The reason battery factories are so huge—and why Chiang’s business model seems to have substance—goes back to a chance event at the birth of lithium ion.
The rise of lithium-ion chemistry in the early 1990s owes a lot to the peak and slow decline of two big consumer technologies—magnetic audio tape and nickel cadmium batteries. These two collided in the Camcorder, Sony’s entry into the nascent market for lightweight video cameras.
Sony realized that, if video cameras were to take off, they needed both to shrink—to more or less fit snugly into a consumer’s hand— “We got sidetracked by a historical accident and a reluctance to switch to something that works (better)”—Yet-Ming Chiang and to last longer on a single charge. The only way to accomplish that was to find a far more powerful, smaller battery.
The result was the first lithium-ion cell, which Sony commercialized in 1991. Two years later followed the TR1 8mm Camcorder, the first lithium-ion-operated video camera. Both were blockbuster commercial products for Sony, and ignited furious competition.
But Sony also had to quickly figure out how to manufacture this new kind of battery on a commercial scale. Providence stepped in: As it happened, increasingly popular compact discs were beginning to erode the market for cassette tapes, of which Sony was also a major manufacturer. The tapes were made on long manufacturing lines that coated a film with a magnetic slurry, dried it, cut it into long strips, and rolled it up. Looking around the company, Sony’s lithium-ion managers now noticed much of this equipment, and its technicians, standing idle.
It turned out that the very same equipment could also be used for making lithium-ion batteries. These too could be made by coating a slurry on to a film, then drying and cutting it. In this case the result isn’t magnetic tape, but battery electrodes.
This equipment, and those technicians, became the backbone of the world’s first lithium-ion battery manufacturing plant, and the model for how they have been made ever since. Today, factories operating on identical principles are turning out every commercial lithium-ion battery on the planet.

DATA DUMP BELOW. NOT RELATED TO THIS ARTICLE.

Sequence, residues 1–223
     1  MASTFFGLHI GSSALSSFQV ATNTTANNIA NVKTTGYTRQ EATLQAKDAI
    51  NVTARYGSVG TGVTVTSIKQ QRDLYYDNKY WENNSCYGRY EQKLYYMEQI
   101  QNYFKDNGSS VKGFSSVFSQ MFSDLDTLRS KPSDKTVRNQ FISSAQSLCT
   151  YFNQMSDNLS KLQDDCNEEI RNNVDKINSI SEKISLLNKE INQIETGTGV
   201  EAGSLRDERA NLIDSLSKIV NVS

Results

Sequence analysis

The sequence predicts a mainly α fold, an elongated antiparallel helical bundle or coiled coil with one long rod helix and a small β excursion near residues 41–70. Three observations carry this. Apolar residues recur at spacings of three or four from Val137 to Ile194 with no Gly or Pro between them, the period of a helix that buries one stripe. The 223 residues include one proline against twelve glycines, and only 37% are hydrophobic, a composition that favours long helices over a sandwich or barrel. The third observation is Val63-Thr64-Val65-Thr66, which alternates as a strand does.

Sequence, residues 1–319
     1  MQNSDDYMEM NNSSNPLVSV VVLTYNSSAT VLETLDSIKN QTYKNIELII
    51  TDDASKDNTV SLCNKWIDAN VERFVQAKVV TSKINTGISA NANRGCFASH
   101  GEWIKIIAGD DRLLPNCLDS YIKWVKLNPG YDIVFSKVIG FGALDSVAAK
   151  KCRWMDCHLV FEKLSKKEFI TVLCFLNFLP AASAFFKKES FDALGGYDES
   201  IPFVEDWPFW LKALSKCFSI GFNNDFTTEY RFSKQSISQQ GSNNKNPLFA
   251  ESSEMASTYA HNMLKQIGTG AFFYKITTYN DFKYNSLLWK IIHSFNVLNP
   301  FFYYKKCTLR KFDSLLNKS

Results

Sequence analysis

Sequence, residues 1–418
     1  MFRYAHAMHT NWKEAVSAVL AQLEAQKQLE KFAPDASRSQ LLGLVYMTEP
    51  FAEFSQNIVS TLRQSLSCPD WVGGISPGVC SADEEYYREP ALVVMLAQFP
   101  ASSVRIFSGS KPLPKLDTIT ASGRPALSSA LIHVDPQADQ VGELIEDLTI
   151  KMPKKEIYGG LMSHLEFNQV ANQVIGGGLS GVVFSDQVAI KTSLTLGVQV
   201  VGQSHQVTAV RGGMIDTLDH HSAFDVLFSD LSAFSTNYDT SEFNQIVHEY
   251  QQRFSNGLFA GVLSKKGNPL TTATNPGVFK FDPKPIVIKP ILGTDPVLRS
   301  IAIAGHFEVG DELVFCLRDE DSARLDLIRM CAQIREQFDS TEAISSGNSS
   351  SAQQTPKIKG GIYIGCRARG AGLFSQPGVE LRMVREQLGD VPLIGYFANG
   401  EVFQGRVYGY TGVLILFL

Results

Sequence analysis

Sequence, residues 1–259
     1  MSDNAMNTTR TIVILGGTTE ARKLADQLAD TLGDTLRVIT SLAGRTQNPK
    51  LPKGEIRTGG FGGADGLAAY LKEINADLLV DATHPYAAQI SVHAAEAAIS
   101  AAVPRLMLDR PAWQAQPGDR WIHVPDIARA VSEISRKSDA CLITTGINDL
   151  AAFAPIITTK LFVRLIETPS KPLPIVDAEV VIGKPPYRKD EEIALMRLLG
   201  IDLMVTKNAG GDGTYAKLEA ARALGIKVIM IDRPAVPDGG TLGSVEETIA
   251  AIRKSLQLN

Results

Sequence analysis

For Sony, the idle magnetic tape machines were a piece of good fortune. But Chiang regarded them as an ungainly legacy. The machines were big, and their process was slow and expensive. They were a large part of the reason batteries couldn’t compete with gasoline. It was time to correct that mistake and figure out a new way to make the battery. “We got sidetracked by a historical accident and a reluctance to switch to something that works (better),” Chiang said.
Going with the flow
At first, Chiang thought the best solution was an arcane and eccentric technology known as a “flow battery.” His interest flummoxed many of the people he talked to.
A battery is superficially fairly simple. It essentially consists of two electrodes, which are the source of the electric charge, embedded in an electrolyte, through which the charge flows. In a conventional lithium-ion battery, the electrodes are solids, all stored in a single cell or pack.
A flow battery, by contrast, consists of chemicals suspended in liquid. This liquid is held in two separate tanks, from which they are pumped through a cell. There they meet, separated by a membrane. The act of pumping them generates a current that flows between them across the membrane.
To increase the capacity of a battery, you need to either boost its energy density, or make it bigger. For lithium-ion batteries, increasing the energy density—by tweaking the battery chemistry or finding a new kind—is the holy grail scientists are starting to despair of ever finding. Making them bigger is easy; Tesla has done just that for its cars. But they get expensive fast, because they require more of the costly metals, like nickel and cobalt, that go into the electrodes of lithium-ion cells.